I prefer long interactions where anything could go either way. I want hard fought games where I ear the win.

But across all kinds of games and genres, people *think* of interaction as they doing things that are fun, and when your opponent interacts it's not fun.

I really failed in highlighting that.


yes, I fully agree the risk should be there on both sides. I think tactics in 1E helped, or had the potential to help. There should be a risk to running battle decks, and there should always be a away that the scrappy underdog reverses the story and blows up the bigger fleet. (As usually happens in the canon.)

On a 2E level, I think that there needs to be some built in way to slow the opponent without necessarily requiring certain cards.

On a broad theory, I loved the idea from First Contact in 1E, where you could delay the Borg forever by attacking them. It had the huge risk of now this 24/24 ship could fight back.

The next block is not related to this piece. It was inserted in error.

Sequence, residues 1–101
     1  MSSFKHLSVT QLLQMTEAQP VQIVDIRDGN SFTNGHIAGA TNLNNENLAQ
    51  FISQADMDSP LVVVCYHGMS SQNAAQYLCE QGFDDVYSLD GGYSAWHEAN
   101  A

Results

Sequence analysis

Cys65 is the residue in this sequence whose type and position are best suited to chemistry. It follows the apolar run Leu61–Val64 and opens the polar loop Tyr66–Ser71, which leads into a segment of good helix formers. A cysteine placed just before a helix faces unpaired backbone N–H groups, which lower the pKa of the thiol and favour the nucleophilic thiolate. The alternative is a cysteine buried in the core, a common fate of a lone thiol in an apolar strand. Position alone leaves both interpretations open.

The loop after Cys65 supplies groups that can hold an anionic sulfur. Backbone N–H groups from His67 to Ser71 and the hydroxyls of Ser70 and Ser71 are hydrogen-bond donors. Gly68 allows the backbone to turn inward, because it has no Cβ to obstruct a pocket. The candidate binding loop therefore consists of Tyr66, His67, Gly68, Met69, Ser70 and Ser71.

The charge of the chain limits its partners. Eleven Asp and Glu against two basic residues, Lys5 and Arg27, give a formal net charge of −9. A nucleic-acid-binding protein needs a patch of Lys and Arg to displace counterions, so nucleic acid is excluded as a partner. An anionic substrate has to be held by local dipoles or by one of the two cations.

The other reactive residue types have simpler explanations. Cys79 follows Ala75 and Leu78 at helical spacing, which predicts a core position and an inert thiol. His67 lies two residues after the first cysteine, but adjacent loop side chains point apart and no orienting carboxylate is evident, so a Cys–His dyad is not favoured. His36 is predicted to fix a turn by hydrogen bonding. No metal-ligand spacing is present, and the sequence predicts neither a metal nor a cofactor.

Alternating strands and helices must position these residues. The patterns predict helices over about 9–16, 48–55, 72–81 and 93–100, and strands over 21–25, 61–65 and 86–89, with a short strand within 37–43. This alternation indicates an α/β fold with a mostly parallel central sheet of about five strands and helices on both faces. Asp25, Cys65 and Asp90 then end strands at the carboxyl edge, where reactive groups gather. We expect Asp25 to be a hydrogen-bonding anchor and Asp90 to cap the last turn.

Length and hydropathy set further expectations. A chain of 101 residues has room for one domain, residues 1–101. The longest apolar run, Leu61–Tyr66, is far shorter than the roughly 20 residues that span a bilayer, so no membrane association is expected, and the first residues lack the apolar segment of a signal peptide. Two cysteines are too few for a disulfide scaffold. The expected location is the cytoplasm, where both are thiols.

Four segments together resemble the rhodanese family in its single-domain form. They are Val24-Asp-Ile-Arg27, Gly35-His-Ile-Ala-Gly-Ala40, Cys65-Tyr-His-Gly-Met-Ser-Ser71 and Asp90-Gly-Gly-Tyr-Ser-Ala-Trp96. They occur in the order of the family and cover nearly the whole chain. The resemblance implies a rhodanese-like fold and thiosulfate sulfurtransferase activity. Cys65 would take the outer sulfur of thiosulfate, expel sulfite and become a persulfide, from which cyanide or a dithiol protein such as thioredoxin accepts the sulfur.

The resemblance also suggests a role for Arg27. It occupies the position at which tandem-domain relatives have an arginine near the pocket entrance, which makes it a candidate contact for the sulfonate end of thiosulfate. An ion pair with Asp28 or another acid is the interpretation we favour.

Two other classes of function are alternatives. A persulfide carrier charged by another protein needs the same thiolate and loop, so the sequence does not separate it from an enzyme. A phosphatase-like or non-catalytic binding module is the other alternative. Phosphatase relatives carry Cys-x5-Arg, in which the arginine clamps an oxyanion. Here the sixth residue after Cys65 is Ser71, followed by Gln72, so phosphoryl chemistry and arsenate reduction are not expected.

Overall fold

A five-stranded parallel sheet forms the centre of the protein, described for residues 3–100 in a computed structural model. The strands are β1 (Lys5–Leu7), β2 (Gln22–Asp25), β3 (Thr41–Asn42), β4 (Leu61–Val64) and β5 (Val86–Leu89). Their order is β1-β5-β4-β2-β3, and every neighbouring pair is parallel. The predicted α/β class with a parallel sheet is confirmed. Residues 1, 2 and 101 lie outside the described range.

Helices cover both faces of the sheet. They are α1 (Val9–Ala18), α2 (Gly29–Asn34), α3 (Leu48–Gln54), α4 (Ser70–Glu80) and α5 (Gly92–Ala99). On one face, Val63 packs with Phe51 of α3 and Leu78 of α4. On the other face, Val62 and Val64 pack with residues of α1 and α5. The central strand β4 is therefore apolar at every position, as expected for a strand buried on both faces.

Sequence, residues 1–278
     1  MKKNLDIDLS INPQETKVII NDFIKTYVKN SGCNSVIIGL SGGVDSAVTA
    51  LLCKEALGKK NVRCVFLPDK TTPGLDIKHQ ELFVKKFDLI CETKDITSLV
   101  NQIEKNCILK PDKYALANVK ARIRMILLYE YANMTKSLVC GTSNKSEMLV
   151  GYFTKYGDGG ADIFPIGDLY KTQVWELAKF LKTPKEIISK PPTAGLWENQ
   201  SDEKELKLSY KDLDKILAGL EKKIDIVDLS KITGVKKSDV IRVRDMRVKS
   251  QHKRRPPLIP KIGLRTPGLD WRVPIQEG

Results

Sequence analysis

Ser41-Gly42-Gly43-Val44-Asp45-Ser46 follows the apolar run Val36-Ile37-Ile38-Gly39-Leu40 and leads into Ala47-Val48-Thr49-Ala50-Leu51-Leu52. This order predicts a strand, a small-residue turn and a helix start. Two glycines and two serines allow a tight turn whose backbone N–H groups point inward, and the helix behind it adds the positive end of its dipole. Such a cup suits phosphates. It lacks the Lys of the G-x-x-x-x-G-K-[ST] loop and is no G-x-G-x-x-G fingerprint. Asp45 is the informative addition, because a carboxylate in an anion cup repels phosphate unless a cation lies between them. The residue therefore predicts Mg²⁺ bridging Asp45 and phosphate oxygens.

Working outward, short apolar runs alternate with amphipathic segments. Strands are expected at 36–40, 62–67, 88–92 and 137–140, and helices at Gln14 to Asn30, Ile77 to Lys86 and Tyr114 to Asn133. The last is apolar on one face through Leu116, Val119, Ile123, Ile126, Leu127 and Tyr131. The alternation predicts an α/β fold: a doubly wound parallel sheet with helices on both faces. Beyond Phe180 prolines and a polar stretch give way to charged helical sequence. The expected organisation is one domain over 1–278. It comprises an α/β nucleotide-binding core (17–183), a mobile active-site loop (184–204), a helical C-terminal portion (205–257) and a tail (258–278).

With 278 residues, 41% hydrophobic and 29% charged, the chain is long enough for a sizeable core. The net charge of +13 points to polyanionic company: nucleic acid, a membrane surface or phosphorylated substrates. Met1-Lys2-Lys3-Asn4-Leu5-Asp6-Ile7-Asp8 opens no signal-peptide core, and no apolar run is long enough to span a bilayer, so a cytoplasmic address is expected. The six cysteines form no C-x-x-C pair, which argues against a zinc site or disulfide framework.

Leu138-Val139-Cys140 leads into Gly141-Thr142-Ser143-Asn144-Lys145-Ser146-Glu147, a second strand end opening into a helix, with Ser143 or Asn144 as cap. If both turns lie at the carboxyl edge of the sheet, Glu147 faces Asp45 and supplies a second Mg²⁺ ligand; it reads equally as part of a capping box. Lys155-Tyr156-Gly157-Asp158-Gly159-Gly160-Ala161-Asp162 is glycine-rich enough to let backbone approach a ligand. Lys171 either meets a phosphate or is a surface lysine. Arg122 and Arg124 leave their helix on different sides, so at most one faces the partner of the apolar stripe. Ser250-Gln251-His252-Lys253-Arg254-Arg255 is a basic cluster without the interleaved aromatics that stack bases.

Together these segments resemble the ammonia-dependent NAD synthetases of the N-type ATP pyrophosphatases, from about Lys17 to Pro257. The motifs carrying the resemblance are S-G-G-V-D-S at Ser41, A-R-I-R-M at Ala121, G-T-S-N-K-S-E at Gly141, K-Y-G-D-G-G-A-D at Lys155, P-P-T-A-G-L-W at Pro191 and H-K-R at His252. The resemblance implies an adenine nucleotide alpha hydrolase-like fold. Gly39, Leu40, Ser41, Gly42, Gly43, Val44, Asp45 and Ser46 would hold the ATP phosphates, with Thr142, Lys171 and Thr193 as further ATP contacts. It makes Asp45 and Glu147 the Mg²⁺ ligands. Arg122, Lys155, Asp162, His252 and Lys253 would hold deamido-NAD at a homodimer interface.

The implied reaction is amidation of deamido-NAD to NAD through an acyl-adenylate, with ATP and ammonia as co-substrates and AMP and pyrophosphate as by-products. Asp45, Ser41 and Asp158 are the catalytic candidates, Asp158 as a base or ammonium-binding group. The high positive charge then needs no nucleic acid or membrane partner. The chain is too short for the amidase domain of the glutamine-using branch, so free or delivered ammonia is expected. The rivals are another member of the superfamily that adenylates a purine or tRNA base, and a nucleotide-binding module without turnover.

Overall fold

I don't think it should be possible to build a deck and plan on *just* speed solving. There should have to be some way to interact with the opponent, and a way to deal with their interaction.
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I go different ways on this.

Half of the game for me is seeing a great crew come together and seeing what cool stuff they do, so having them be shot/captured/assimilated with great effectiveness is demoralising.

Even if I win, it's probably because my superstars all went away, but I could draw and play enough replacements, which means that my superstars weren't really that special and I could just do this thing with random mooks.

Racing to victory is just as capable of generating excitement as a battle. Imagine saying that Tennis doesn't have enough interaction because people can't stop and shoot at each other.